2009
2009 National Consumer
Survey on Personal Finance
Mission Statement

The mission of Certified Financial Planner Board of Standards, Inc. is
to benefit the public by granting ...
Table of Contents
1. Introduction                                                                          2
2. Survey Met...
2009 National Consumer Survey on Personal Finance


1. Introduction

Certified Financial Planner Board of Standards (CFP Bo...
2009 National Consumer Survey on Personal Finance


2. Methodology

CFP Board’s 2009 National Consumer Survey on Personal ...
2009 National Consumer Survey on Personal Finance


3. Respondent Characteristics

The following tables show demographic a...
2009 National Consumer Survey on Personal Finance




Table 3.3 Investable assets (Q32)
              3%
                 ...
2009 National Consumer Survey on Personal Finance




     Table 3.5         Ethnicity (S-5)

                    4%      ...
2009 National Consumer Survey on Personal Finance




Table 3.7         Regions by state1 (S-4/REGN)

                    ...
2009 National Consumer Survey on Personal Finance


4. Core Questions

All 1,742 respondents answered a series of Core Que...
2009 National Consumer Survey on Personal Finance




Table 4.2         Important financial planning issues by respondent e...
2009 National Consumer Survey on Personal Finance




     Table 4.3      Ability to successfully manage important financia...
2009 National Consumer Survey on Personal Finance




Table 4.5        Currently have a written financial plan (Q2)

Two-th...
2009 National Consumer Survey on Personal Finance




     Table 4.7         If Financial Plan In-Place Now or in the Past...
2009 National Consumer Survey on Personal Finance


5. Baseline Perceptions and Behaviors

All 1,742 respondents were aske...
2009 National Consumer Survey on Personal Finance




     Table 5.2          Awareness of certifications, licenses, and of...
2009 National Consumer Survey on Personal Finance




Table 5.4         Credential with best single reputation for ethical...
2009 National Consumer Survey on Personal Finance

6. Respondents Who Have Written Financial Plan In-Place With
Involvemen...
2009 National Consumer Survey on Personal Finance
       Respondents with Written Financial Plan Developed with Involvemen...
2009 National Consumer Survey on Personal Finance
   Respondents with Written Financial Plan Developed with Involvement of...
2009 National Consumer Survey on Personal Finance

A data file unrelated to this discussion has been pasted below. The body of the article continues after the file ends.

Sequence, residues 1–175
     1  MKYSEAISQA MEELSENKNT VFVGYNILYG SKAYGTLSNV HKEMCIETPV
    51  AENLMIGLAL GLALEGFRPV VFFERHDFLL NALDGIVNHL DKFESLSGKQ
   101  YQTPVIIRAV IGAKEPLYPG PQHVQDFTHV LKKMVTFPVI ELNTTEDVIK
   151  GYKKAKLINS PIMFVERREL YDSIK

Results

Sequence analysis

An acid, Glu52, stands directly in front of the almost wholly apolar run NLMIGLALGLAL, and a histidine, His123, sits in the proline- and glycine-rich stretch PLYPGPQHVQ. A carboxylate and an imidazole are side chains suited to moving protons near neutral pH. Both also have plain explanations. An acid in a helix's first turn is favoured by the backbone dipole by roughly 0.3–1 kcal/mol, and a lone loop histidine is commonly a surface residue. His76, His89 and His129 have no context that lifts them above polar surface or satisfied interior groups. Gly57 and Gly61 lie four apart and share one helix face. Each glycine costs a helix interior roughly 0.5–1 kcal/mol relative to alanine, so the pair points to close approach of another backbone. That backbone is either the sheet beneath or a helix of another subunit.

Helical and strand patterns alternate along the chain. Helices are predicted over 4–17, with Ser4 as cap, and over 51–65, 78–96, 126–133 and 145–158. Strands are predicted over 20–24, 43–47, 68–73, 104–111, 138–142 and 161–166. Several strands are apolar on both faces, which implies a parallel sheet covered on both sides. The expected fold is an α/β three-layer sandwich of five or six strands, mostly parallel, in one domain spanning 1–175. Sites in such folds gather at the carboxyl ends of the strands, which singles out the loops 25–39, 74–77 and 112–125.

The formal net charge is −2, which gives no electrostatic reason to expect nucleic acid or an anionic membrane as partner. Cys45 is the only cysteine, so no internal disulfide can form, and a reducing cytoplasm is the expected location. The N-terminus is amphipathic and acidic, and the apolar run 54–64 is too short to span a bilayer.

Respondents with Written Financial Plan Developed with Involvemen...
2009 National Consumer Survey on Personal Finance
Respondents with Written Financial Plan Developed with Involvement of Fi...
2009 National Consumer Survey on Personal Finance
        Respondents with Written Financial Plan Developed with Involveme...
2009 National Consumer Survey on Personal Finance
Respondents with Written Financial Plan Developed with Involvement of Fi...
2009 National Consumer Survey on Personal Finance
     Respondents with Written Financial Plan Developed with Involvement ...
2009 National Consumer Survey on Personal Finance
Respondents with Written Financial Plan Developed with Involvement of Fi...
2009 National Consumer Survey on Personal Finance
       Respondents with Written Financial Plan Developed with Involvemen...
2009 National Consumer Survey on Personal Finance
Respondents with Written Financial Plan Developed with Involvement of Fi...
2009 National Consumer Survey on Personal Finance
       Respondents with Written Financial Plan Developed with Involvemen...
2009 National Consumer Survey on Personal Finance
Respondents with Written Financial Plan Developed with Involvement of Fi...
2009 National Consumer Survey on Personal Finance

7. Respondents Who Have Written Financial Plan In-Place With No
Involve...
2009 National Consumer Survey on Personal Finance
Respondents with Written Financial Plan Developed without Involvement of...
2009 National Consumer Survey on Personal Finance
    Respondents with Written Financial Plan Developed without Involvemen...
2009 National Consumer Survey on Personal Finance



8. Respondents Who Have No Written Financial Plan In-Place
A total of...
Layout 1
Layout 1
Layout 1
Layout 1
Upcoming SlideShare
Loading in...5
×

Layout 1

273

Published on

Published in: Economy & Finance, Business
0 Comments
0 Likes
Statistics
Notes
  • Be the first to comment

  • Be the first to like this

No Downloads
Views
Total Views
273
On Slideshare
0
From Embeds
0
Number of Embeds
0
Actions
Shares
0
Downloads
3
Comments
0